4 196 BASSC EXECUTIVE DEVELOPMENT TRAINING PROGRAM from treatment, juvenile justice, social and mental health services, school and vocational training programs, law enforcement, probation, the prosecution, and the defense. Over the course of a year or more, the team meets frequently (often weekly), determining how best to address the problems of the youth and his or her family that have brought the youth into contact with the justice system (National Drug Court Institute & National Council of Juvenile and Family Court Judges, 2003). One option after successful completion of drug court is that all charges are dismissed and the youth s file can be sealed. This case study examines both the Marin County Juvenile Drug Court and the Santa Clara County Juvenile Treatment Court. There is clearly a discrepancy between the sizes of the two counties, which is reflected in the numbers of minors served at any given time by the two treatment teams. For example, Marin County has one dedicated probation officer for all the minors in the program which averages about nine active minors at this time, but with increasing efforts to raise those numbers. Santa Clara County has three full-time probation officers with a maximum caseload of 33 youth within the drug court program they are averaging about 20 youth right now. They have a probation supervisor who is responsible for the probation officers within the program as well as a few other specialized programs. However, there are many similarities in the county structure both counties have reputations for being flush with services and money, but both actually have pockets of disparity and lower income. Both counties have rural and urban areas that bring their own unique challenges. Both counties service a wide set of cities that make up the county itself. In addition, like most other areas in the state, they are looking at shrinking judicial and clinical resources as well as changing demographics. These similarities make it worth looking at Marin County for lessons learned that can be applied to Santa Clara County. Similarities Both treatment teams follow the structure described earlier. Both drug court programs require regular meetings with a probation officer, participation in self-help programs, drug treatment, counseling, urine analysis tests, and regular court appearances. The programs strive to use a combination of incentives and sanctions as motivation to be successful with their drug treatment. Incentives may include applause and praise from the team and decreased reporting to probation. Sanctions may include such things as writing essays, community service, and detention at Juvenile Hall. Both programs seek to replace the youth s prior relationships and drug activities with pro-social activities that are structured, supervised activities that are clean and sober for example, volunteer work in the community. Both programs look at the vocational and educational needs of the youth. Both programs use a three phase system that is clearly defined as part of a graduation process with the movement from one phase to another using specific criteria and adhering to the agreement of the treatment team before moving on. Both programs are voluntary for youth right now, and have a specified assessment process prior to being accepted. The youth can be referred by any member of the team, but they have to apply and be accepted in the program. The youth must demonstrate a level of motivation; however, often the youth must be convinced that there is a benefit to them. When entering the treatment court program, they waive confidentiality and agree to drug testing and consequences like Juvenile Hall time. The success of both treatment programs rest on the collaborative nature of the treatment team itself blending relationships between the judicial components and the clinical treatment team. Both programs recognize that relapse is part of recovery and do not automatically terminate a youth for struggling with their addictions, They also encourage participation by the parents or guardians with the youth. Both have team meetings on Thursday mornings where each case on the docket is reviewed and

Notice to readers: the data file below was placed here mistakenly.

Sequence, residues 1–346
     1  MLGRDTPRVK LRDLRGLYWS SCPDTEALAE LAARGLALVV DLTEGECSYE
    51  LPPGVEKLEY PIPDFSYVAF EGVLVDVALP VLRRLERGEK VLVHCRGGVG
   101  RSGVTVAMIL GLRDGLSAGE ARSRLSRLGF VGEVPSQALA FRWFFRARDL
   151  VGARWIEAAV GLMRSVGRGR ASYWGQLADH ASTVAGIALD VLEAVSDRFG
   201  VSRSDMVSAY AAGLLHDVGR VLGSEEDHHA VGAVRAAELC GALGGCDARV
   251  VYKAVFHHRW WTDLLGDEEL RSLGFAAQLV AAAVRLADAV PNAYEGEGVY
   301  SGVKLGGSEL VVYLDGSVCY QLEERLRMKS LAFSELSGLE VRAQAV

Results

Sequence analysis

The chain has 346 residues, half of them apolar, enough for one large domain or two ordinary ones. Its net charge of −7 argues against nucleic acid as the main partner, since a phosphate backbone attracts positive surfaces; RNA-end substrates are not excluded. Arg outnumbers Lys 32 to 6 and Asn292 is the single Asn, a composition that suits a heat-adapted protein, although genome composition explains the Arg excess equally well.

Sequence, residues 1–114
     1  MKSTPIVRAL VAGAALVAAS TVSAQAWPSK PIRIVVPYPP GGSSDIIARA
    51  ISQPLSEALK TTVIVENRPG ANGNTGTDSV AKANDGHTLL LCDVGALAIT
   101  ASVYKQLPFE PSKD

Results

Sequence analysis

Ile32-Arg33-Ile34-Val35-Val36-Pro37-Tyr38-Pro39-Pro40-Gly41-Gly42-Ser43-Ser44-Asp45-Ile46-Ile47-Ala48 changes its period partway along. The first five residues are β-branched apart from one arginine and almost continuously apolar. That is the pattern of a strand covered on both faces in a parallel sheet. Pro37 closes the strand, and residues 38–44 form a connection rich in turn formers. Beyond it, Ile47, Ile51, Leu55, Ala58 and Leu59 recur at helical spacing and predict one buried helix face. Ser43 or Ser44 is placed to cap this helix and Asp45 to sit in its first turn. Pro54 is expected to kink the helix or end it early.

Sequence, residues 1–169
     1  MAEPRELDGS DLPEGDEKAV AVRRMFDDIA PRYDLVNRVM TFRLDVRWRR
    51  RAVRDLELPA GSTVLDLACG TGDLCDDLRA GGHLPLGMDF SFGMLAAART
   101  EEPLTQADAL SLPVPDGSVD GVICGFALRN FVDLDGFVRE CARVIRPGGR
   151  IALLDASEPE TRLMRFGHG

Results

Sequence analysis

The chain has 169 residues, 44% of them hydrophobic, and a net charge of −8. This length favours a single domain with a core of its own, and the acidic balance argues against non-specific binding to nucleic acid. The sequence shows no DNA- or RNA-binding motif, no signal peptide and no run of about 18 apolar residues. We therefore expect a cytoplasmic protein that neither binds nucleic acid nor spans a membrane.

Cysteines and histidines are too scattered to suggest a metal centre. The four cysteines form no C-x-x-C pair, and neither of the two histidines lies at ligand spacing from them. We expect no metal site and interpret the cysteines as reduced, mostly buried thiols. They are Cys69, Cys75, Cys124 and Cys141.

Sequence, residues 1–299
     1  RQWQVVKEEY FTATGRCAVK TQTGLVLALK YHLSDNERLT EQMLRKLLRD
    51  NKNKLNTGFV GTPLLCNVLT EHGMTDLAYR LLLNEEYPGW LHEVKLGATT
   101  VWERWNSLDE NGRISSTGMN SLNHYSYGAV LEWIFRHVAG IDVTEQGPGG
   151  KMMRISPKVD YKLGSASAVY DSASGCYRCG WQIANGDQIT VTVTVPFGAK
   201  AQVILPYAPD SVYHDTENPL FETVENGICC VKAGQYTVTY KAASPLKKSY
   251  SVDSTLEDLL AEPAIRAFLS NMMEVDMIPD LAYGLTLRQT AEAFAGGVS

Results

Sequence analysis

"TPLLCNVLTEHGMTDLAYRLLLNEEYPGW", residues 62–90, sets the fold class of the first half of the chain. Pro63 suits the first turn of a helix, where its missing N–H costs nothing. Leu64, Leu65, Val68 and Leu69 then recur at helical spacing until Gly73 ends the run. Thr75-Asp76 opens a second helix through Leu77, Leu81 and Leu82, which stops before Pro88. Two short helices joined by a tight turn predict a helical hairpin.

5 PARTICIPANTS CASE STUDIES CLASS OF the team assesses the issues going on with the youth, their compliance with requirements, and their drug test results. The team also discusses any incentives or sanctions that will be handed out to the youth during the actual court hearing. During this process, the team meets in the courtroom and the bench officer sits at the same level as the rest of the team. After an in-depth discussion, the team makes a final decision that will be presented during the hearing. The teams hold each other accountable and help set clear expectations for the youth and constancy of sanctions. The actual hearing takes place the same afternoon, with the judicial officer leading the hearing from his/her position on the bench; however, all team members do participate in the discussion with the youth during the hearing. Both courts have an oversight team consisting of management level decision-makers who review and contribute to the policies that are utilized within the context of the treatment team. Differences Bench Officers and their Duties Santa Clara County s Juvenile Drug Treatment Court (jtc), founded in 1996, was one of the first in the country. The current bench officer is the Honorable Judge Carrie Zepeda. She is part of the team of bench officers whose focus on juvenile delinquency issues. There is another set of three judges who oversee dependency issues. Marin County s Juvenile Drug Court (jdc) was founded in Marin County s bench officer is the Honorable Commissioner Harvey Goldfine. He is starting his third year as the Juvenile Court Officer, and he oversees most of the juvenile matters on calendar Dependency, Delinquency, and Juvenile Drug Court. Youth Contact with Each Other Marin County focuses on creating a sense of community for the youth participating in the court program. They accomplish this goal in several ways all hearings are conducted in a forum where all the drug court youth and their parents/guardians are present during the whole court process. In addition to the sense of community, it creates a sense of vicarious learning where youth witness each other s failures and successes. It ensures a focus on equity of incentives and sanctions as well. In addition, the team creates special pro-social activities for the youth there are educational groups and running groups provided especially for the youth in the program. This focus on a sense of community creates an opportunity for youth to replace their previous social and peer groups with ones that understand the Juvenile Court experience and have the same commitment to sobriety. Santa Clara County youth appear in court in front of the treatment team on an individual basis. The rest of the youth on the calendar that day are waiting in the waiting room outside the courtroom. Santa Clara County has a mentor program that provides pro-social activities for youth, but not all of the youth in the treatment court program have mentors, and not all of the mentees that participate in the mentor program are jtc participants. When youth are first accepted into the court program, the youth must attend a six week orientation group held at Juvenile Probation and conducted by dads personnel. Phases Marin County youth participate in three phases with clearly defined sobriety points before moving to the next phase. Phase 1 is a minimum of 12 weeks and requires 28 days of sobriety. Phase 2 is a minimum of 12 weeks and requires 42 days of sobriety. Phase 3 is a minimum of 12 weeks and requires 60 days of sobriety before graduation. They have a board that visually marks the transition from one phase to another. When a youth enters the first phase they are given a tag with their name on it and they place it on the hook under the heading of Phase 1. When they move to the next phase, they go to the board and physically move their name tag. As part of the intake and assessment process, Marin County youth have a two week opt out period during which they observe court and meet with team members. Either the youth or the team can decide the youth should opt out without any sanctions for being terminated from the program.